So how do we do this? Well, I believe we can do this on a micro level, in the belief that bottom-up approaches will enable macro opportunities to develop. But – we need to get away from things like the National Lottery and the idea of the market as miracle working. These are fantasy, and by the way, create addiction for the poor who seek to escape poverty by a dream which statistically will never come true. No – the alternative is hard work, but one where balance can create a healthier world to live in.

So, we need to reveal the invisible hand of the market God, to be little more than an impostor and an idol, that can blind people to the truth of this semi-religious lie.

surveying spirituality

I and the Moot Community have been conducting a little survey to explore what people’s perceptions of spirituality are, who reach my blog or the moot sites. So please do help us by adding your thoughts.

Rhizomes and radical love

I have been again, reflecting on the work of Barry Taylor, and his excellent book, Entertainment theology. In particular are a couple of quotes from page 32, that have hit me:

Subversive activity of loving one another, welcoming the stranger, sharing goods in common and returning good for evil… The sermon on the mount isn’t just an ideal vision of a new society.  It is a sustainable way of life for those who live by faith.

Rhizomes reflect this kingdom of God … they were trying to remember what it meant to practice works of mercy, to follow the church’s social teachings, to be God’s peculiar people in the world.

I love all of this…. a return to a more organic understanding of Christianity being about a spirituality concerned with ‘how we should love’ and less about control, or who is in and who is out.  Its focus is orthopraxis and away from the obsessions of orthodoxy.  The image of rhizomes is a great one, organic, un-controllable, invisible but emerging, these characteristics really do tally with the idea of the now but not fully here Kingdom of God.

This connects with some of my thinking around new-monasticism, this focus on radical hospitality and forms of church that arise by the spirit, a catching up with what God is already doing, is close to my heart.

The importance of Contemplation in Mission

I have just written a joint article with Ian Adams in a really exciting multi-authored book entitled ‘Ancient Faith Future Mission’ to be published by Canterbury Press after Christmas, which include pieces by Rowan Williams, Steve Croft, Phyllis Tickle, Brian McLaren and Karen Ward to name but a few.  In it Ian and I explore ‘New Monasticism’ as expressed in some its Emerging Church forms.

I ahve been reminded how this refound approach is dependent on forms of contemplative prayer and contemplative awareness.  Marie Macarthy wrote a seminal chapter on contemplative awareness with the title ‘A spirituality for the twenty first century’ in Blackwell’s Reader in Pastoral & Practical Theology.  This text made a deep impression on me when I read it five years ago, and has stayed with me ever since.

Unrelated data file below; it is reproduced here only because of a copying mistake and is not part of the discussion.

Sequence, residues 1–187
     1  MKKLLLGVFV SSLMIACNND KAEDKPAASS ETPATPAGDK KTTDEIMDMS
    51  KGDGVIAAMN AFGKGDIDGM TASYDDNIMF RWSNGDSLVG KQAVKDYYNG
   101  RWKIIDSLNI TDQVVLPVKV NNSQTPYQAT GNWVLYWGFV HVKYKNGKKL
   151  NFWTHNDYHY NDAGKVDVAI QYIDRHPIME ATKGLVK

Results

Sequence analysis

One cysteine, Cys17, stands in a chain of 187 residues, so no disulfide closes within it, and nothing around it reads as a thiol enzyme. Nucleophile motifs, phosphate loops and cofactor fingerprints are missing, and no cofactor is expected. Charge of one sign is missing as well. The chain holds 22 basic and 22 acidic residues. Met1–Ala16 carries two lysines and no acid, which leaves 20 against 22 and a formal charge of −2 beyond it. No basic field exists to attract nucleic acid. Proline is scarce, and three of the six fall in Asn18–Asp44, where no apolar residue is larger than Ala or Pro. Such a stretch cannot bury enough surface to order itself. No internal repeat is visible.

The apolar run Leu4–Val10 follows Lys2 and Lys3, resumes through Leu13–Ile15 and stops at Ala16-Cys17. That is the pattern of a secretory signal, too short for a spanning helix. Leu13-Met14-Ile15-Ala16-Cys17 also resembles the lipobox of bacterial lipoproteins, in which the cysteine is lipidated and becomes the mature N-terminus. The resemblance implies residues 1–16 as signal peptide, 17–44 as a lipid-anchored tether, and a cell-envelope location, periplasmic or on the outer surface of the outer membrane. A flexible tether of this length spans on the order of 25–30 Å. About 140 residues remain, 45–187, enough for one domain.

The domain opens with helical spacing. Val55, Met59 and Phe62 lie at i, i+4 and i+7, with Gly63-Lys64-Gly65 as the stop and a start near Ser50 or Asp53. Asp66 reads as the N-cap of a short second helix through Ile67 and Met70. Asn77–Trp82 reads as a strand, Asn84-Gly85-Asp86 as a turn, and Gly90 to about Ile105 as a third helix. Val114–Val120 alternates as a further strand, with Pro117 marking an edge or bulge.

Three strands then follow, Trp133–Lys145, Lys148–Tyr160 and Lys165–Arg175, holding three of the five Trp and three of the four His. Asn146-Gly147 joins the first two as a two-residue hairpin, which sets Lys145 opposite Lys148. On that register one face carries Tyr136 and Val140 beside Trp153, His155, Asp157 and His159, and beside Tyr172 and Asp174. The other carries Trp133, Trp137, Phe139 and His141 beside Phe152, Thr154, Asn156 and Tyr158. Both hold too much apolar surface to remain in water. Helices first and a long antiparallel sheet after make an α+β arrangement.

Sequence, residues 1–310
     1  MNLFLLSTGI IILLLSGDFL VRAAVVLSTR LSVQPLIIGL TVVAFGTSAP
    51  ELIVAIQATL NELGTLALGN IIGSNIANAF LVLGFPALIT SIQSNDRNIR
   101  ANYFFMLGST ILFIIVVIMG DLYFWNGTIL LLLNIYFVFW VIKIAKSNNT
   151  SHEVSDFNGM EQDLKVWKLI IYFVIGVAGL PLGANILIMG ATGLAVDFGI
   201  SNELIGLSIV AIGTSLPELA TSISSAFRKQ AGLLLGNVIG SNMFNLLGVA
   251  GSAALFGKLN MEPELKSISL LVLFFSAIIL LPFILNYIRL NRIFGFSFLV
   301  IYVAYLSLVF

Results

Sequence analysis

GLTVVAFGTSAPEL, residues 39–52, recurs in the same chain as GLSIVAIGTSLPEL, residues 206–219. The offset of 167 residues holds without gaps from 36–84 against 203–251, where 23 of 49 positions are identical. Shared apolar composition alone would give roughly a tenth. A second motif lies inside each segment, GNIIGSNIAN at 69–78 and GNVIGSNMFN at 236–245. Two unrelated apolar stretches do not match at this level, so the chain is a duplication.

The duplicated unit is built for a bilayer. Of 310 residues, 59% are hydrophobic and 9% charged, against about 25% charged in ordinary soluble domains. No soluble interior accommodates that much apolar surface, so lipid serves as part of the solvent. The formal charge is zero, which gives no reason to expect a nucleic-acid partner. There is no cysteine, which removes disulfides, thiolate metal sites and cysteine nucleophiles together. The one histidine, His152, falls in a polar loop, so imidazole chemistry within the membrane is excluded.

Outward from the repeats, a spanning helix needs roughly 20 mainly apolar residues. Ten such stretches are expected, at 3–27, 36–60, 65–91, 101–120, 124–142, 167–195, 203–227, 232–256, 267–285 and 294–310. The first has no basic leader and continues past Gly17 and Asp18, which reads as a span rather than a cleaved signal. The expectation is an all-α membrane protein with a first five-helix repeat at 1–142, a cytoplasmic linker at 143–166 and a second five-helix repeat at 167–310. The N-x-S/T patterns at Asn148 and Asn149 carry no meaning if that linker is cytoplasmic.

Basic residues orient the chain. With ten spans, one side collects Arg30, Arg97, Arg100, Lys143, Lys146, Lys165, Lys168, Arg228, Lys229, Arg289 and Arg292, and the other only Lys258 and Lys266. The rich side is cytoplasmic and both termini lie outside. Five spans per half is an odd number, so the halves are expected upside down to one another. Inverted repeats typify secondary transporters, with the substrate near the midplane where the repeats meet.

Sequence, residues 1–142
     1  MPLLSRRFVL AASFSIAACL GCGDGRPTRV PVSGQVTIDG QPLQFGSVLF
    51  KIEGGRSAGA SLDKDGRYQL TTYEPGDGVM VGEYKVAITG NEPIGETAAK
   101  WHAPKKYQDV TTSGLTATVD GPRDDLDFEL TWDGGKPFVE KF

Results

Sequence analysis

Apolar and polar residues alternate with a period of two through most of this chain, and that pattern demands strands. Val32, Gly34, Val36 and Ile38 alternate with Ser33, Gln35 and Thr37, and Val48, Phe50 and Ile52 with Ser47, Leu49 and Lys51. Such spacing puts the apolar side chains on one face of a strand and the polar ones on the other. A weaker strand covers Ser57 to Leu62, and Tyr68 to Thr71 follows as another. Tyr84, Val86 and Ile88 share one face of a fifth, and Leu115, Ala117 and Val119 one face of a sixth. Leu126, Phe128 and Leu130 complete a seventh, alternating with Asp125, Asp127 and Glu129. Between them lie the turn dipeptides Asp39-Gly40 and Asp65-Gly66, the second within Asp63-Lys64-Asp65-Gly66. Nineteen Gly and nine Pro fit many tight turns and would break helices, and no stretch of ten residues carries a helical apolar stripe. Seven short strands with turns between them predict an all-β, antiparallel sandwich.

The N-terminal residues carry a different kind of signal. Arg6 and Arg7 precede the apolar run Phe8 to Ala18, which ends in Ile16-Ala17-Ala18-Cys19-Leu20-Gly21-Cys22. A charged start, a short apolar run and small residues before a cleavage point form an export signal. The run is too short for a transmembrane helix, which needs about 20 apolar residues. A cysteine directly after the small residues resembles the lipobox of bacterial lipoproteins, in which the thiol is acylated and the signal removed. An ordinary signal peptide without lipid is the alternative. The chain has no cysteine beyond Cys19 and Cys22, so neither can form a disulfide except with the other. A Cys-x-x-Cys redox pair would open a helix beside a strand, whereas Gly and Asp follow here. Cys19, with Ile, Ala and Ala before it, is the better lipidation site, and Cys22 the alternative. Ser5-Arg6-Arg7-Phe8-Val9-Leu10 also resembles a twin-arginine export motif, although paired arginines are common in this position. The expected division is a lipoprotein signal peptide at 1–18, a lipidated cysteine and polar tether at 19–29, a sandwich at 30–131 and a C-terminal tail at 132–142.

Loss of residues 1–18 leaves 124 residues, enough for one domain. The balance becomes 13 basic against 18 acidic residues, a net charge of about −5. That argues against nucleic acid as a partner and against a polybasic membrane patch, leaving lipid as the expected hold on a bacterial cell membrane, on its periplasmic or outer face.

Not only does Contemplation offer forms of spirituality that ‘work’, which opens up the Christian tradition to spiritual tourists, it also enables Christian communities to practices ‘action-reflection’, in seeking God in contemplation, to discern the hand of God in the world, and then to follow it.  In this way prayer and contemplation are a key resource for positive action and radical hospitality in the world.  We forget at our peril the need for a deeply sustaining spiritual life, of a relational aspect to the faith.  It is no coincidence that Martin Luther King, Dietrick Bonhoeffer, Mother Theresa, and many more of the great movers and shakers spent much time in prayerful reflection to resource their mission and calling.

To be able to engage with the world, we need to be fully engaged in developing a spirituality that draws on the strengths of prayer and contemplation.

The Universe is fundamentally relational

I was reading the dissertation of a friend yesterday, and was struck how much science and religion now meet in the area of the relational.  In modernity, everything was solid and seperate, but now in postmodernity and with the outbreak of quantum mechanics, everything has become much more relational.  As my friend Steve Dancause said:

I think that we are witnessing a fundamental shift in what society values as ‘real’, with a heavy emphasis on relationality as the answer.  The philosophers used to say that ‘the real is rational’.  Now they say that ‘the real is relational’.  In fact, Deleuze has pointed out that ‘even the rational is relational’.  Modern science has shown us that particles exist not as absolute entities but as entities defined solely by their relationships to other particles.  People deeply want genuine connection and relationship to ground them and to give them life.  The shift to relational ontologies and epistemologies is interesting because the Church already has such a relational paradigm in the Trinity.  It is ultimately the Trinity that grounds us and gives us life, and the biblical narrative is a narrative that invites us into the divine community of the Trinity.

This is spot on, I could not agree more.  Steve Dancause has made the link between the Holy Trinity, Trinitarian Ecclesiology and the trend towards the relational at a depth I have not thought through before.

His dissertation and interview with me is to be on emergingchurch.info very soon.